“Mesmerizing as well as desperate, a wild-eyed tour of a lesser hell. Amadon claims these poems are almost entirely true–if so, God help him, the truth has been transformed into poetry. Sam Amadon–even his name (like Jack Kerouac) is a song. Sing it.”
“These poems are street-smart, buoyantly lyrical, and they possess something beautiful and permanent at their core. Samuel Amadon does for Hartford what Koch, Schuyler, and O’Hara have done for New York City.”
–Tracy K. Smith
“Most poetry written in what might be called the vernacular is evidently a stunt, and we soon weary of such prowess. Sam Amadon has no such self-congratulatory purpose; his speech is helplessly frank in its high and low spirits:My parents thought they d keep me safe / by sticking me in a private school, / but Hartford works its way in no matter / what you learn & this winter / I ve come to know the worst people / the city has in it… The poet is one of them, and suffers as much as any chronicler since Clough for his own pathetic (even ghastly) powers of presence: this is not memoir, it is confession, the speaker is on the rack and only timidly aware of the torture he cannot help wreaking. Our poetry will never be the same now Amadon has spoken, our language can be entirely different. Happily for us.”
The Hartford Book is an unbleeped theme song for (or against) the city—a throwback anthem to Like A Sea’s deep album cut, sung by the Amadon that got away; but like the Mafia or something, Hartford keeps pulling him back in, which I guess is what this book is: it enacts that inescapable returning to the rundown, dead-end hometown you always talk about leaving, even after you actually already left it. Or maybe, depending on how you slice the timeline, Like A Sea is the incoherent hangover of The Hartford Book’s drunk confessional—straightforward, simple, too far gone for cleverness. Or else Like A Sea is the raving, blackout drunkenness and The Hartford Book is remembering what you did last night. Either way, Like A Sea’s a tough act to follow, and I admit at first I missed its wordy weirdness, but these poems do a lot with language subtly and are plenty messed up themselves: they perform in their own right, on their own terms. And it’s a testament to Amadon’s talent that his first two books can provide such divergent surfaces: this is a poet who can play the field, and who can’t stop talking (to our benefit). Ultimately, the two collections go oddly hand in hand, each enriching what the other offers, and their unlikely union puts to the test and proves that against all odds, for Amadon, Like A Sea’s opening axiom holds true: “I could not sound like anyone but me.”
This is landscape poetry for a post-industrial modernity, when progress has picked up and gone elsewhere, leaving once-flourishing cities like Hartford to deal with the abandoned that remain. Like so many of the characters in his collection, Amadon is not afraid to step over skeletons, and you get the impression that’s the only way out.
In Amadon’s second collection of poems, all narratives center on the city of Hartford—a metaphor for the fact that a person never really leaves home; or perhaps, that home never really leaves a person. A dark and captivating read, The Hartford Book, at its core, has a unique and complex perspective on the themes of friendship and loyalty. – See more at: http://www.poets.org/viewmedia.php/prmMID/23233#sthash.aSYXIoIk.dpuf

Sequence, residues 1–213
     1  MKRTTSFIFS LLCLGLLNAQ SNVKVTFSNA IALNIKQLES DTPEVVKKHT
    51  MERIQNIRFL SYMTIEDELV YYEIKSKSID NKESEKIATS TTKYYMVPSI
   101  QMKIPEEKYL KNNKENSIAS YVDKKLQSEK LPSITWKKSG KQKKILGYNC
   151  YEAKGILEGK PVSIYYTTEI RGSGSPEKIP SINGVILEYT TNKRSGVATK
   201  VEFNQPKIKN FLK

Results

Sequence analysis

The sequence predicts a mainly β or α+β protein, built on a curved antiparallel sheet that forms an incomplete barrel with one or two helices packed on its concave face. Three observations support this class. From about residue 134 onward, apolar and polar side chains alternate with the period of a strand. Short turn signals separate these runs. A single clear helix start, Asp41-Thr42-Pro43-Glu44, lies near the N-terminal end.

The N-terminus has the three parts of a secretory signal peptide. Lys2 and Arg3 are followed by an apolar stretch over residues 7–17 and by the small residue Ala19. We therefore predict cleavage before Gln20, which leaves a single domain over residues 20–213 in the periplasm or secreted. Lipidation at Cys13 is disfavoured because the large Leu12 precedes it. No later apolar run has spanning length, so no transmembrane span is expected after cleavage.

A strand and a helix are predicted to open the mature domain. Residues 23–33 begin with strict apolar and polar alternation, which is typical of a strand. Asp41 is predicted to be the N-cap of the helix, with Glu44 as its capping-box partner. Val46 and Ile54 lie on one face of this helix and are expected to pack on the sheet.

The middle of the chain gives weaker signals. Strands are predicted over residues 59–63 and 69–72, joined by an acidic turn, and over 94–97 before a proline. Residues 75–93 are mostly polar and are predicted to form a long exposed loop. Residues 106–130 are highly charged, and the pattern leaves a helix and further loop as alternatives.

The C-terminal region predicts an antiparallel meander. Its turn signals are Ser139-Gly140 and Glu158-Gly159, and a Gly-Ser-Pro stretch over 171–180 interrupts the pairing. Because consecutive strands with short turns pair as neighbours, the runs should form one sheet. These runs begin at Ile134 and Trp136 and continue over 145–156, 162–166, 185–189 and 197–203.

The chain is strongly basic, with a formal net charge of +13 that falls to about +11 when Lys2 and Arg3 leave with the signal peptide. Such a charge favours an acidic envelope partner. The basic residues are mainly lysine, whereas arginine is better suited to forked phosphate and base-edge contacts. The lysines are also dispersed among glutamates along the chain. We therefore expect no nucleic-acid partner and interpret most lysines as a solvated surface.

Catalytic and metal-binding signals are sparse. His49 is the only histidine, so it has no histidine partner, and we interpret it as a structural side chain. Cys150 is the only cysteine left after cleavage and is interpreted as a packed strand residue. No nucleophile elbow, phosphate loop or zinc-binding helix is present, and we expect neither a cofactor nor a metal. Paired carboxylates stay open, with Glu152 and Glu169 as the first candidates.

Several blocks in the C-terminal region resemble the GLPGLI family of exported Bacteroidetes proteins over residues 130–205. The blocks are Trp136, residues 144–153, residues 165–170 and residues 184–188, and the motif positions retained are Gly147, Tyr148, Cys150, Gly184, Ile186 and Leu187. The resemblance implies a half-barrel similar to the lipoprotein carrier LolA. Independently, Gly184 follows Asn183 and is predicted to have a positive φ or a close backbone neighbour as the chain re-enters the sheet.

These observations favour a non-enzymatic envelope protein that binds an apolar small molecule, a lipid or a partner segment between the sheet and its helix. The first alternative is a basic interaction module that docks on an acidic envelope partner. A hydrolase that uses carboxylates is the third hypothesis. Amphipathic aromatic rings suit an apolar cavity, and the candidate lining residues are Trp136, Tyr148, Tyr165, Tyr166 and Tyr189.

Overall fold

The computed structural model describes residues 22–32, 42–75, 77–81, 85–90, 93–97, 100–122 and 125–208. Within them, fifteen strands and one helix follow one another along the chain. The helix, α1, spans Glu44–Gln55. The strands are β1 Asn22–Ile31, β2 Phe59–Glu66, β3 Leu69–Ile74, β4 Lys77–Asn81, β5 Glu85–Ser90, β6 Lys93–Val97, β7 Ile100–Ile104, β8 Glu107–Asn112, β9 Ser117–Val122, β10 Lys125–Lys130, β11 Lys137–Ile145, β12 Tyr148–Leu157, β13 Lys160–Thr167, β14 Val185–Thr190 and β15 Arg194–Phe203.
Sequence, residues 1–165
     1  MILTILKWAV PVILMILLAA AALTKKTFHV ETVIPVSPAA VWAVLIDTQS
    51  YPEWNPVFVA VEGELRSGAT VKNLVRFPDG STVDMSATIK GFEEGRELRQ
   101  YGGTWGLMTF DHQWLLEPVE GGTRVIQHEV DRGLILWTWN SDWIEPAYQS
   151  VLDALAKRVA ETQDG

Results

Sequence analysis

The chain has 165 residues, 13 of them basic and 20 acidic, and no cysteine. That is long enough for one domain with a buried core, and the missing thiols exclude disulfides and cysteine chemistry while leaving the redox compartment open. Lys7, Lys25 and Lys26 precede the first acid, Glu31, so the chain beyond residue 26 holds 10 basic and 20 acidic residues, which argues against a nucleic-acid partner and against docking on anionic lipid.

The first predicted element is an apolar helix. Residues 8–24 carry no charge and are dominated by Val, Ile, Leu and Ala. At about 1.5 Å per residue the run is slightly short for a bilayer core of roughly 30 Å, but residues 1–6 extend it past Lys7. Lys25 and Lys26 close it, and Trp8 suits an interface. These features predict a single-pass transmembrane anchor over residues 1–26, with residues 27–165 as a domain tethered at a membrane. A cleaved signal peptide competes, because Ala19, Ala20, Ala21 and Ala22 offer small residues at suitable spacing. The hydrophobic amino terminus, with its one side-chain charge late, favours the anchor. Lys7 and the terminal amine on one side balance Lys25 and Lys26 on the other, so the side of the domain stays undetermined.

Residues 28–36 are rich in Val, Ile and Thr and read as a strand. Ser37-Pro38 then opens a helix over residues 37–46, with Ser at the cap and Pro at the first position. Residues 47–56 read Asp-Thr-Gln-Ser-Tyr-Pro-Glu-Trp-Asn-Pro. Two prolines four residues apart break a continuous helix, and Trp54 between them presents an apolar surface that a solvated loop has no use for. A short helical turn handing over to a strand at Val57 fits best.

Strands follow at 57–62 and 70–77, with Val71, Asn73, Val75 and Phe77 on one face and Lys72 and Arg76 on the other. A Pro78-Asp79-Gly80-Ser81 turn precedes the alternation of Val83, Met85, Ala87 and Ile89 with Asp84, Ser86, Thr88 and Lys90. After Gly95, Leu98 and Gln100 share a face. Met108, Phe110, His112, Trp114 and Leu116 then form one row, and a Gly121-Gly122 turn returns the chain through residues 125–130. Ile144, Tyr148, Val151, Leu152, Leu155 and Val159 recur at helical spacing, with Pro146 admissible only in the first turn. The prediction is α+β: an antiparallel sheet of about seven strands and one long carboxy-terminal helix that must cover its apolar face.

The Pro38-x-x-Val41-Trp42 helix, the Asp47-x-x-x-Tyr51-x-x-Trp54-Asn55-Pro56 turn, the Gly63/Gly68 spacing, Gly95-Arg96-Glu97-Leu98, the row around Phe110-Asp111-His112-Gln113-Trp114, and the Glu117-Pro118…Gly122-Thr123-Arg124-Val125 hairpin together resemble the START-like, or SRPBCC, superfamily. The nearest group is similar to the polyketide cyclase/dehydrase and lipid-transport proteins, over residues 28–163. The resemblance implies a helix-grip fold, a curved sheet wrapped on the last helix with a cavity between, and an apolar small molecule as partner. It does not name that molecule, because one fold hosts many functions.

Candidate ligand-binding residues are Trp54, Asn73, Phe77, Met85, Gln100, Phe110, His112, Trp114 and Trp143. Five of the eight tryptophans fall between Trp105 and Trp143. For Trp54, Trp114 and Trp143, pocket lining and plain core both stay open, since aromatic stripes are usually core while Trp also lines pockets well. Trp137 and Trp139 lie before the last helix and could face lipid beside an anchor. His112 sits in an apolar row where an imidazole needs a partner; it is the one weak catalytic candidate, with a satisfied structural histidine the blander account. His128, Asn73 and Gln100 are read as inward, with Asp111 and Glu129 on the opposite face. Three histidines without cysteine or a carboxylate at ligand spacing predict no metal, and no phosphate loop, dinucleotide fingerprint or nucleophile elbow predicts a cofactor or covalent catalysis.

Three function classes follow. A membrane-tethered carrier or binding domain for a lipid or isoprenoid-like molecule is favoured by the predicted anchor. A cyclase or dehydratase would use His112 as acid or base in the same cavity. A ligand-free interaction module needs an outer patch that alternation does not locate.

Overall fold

Hartford has proved to be a continuing inspiration to poets, though the city of Amadon’s second collection is a very different place from that of Wallace Stevens. “My mother says Asylum Avenue’s/ the wrong place to start,” begins one early poem, “because the neighborhood’s still// too nice which makes me think/ my mother hasn’t been/ paying attention and doesn’t know// what drug dealers look like.” In this plainspoken, youthful, but wearily cynical voice, Amadon (Like a Sea) offers a tour of Hartford’s underbelly, street by street (many poems are titled with street names), where drugs, too little money, painful family lives, and his troubled postcollege roommate Kenny (“when// Kenny told me he loved me I told him to hold still/ because I had to dab a napkin at/ the cut in his scalp where our friend// Sully had stabbed him minutes before”) make it hard to imagine things getting much better. While the poems do have a sameness of voice and texture to them, this book depicts a life that’s anything but enviable but mostly intoxicating to watch over Amadon’s shoulder; we feel as he comes to finally feel about Kenny: “the truth is I never/ wanted him to get sober like nobody/ really wants any of us to get sober/ they just want to take/ the scarier ride one time & be gone.”
This simple vernacular honesty allows the poet to tread along a path of dark confession; the poet spares no shard of unsavory recollection in chronicling the abject years spent living in and with the city of his youth. The result is a book that scratches, in a silky voice, at the scars that can’t heal—a testimony to the past that is as deadly as pushing a syringe, and nearly as addicting.
As much as The Hartford Book may seem like a purge or love songs, it’s both—anchoring Amadon and the reader in a state of delicious hell, its damaged inhabitants being the only people we could imagine befriending. What a thrill to be told the truth about ourselves and, in the process, have such an electrifying poet for company. Amadon’s second book is a cause for celebration.